To Be the Hero


I’m a fan of characters who support. Whether it’s Dominic Sorel in Eureka Seven, who stands by the long-suffering Anemone or Aida Riko in Kuroko’s Basketball, who coaches and manages the Seirin High School Basketball Team, often times my favorite characters are those who care less for being the “hero,” and who try to make a difference in their own way. Generally speaking, I’m of the belief that there are many ways to make a difference, and that you don’t need to be the one chopping the monster’s head off, nor should we fault others for not aspiring to be that mighty warrior. Indeed, even more recent main characters like Kuroko Tetsuya in Kuroko’s Basketball and Onoda Sakamichi in Yowamushi Pedal are protagonists whose powers are primarily based on “support.”

However, I find that, as much as I enjoy that character type, they potentially are a source of complacency, and one might even argue that they teach people to settle for less. Case in point, while I think Riko does a lot for her team and is just a great character in general, she derives from an archetype that is basically a sideline cheerleader. They’ll either be the newbie who needs things to be explained, or the informative expert who does the explaining, but when the chips are down their purpose in the story is to stare longingly as the hero goes into action. There’s some sexism historically at work here, with female characters being created to serve the male leads, but I don’t want to make the issue purely about sex and gender, especially given all of the work that’s been done to play with and expose those tropes, like how Witch Craft Works essentially genderswaps the typical shoujo heroine and shoujo ideal love interest. I also don’t want to deny the ability for a “sideline cheerleader” to be an interesting character in their own right. Rather, it’s more about the idea that “everyone is the hero of their own story,” and how there are positives and negatives to it.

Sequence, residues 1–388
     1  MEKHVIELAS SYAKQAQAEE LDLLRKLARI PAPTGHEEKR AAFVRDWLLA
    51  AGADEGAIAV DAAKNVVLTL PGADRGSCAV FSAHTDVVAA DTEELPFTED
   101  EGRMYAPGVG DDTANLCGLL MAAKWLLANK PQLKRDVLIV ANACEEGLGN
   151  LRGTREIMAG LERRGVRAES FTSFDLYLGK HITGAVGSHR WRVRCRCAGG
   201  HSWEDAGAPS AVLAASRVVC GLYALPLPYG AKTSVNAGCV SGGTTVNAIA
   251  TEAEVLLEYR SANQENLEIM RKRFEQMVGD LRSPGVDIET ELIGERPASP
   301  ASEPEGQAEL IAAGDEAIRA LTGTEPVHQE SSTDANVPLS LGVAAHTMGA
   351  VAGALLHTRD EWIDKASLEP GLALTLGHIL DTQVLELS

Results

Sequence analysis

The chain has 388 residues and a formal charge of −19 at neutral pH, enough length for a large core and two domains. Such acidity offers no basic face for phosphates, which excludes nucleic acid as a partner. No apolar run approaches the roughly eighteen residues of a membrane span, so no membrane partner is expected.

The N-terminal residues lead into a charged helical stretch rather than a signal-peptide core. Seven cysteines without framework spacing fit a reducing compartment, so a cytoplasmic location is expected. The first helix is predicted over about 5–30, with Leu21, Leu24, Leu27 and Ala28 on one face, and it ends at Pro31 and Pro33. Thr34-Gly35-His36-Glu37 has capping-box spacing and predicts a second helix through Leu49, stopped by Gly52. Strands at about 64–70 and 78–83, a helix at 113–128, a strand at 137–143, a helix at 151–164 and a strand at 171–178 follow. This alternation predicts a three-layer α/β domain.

On the one hand, the notion that everyone is the main character in their own lives, be it reality or fiction, can be a self-fulfilling prophecy of confidence, where one imbues oneself with agency and ambition, and accomplishes their goals. At the same time, it might cause people to seek out “glory” without necessarily finding their own definition for the word, instead conforming to what their society (or what readers supposedly think) are parameters for success.

On the other hand, if one believes in supporting others, this might afford them a point of view that could go unnoticed otherwise. Glory for oneself is unimportant, because what really matters is doing what one can. However, this same mindset carries the risk of encouraging passivity to the point that people might inadvertently lose opportunities to better themselves. Perhaps it even becomes an excuse for why they remain in their rut.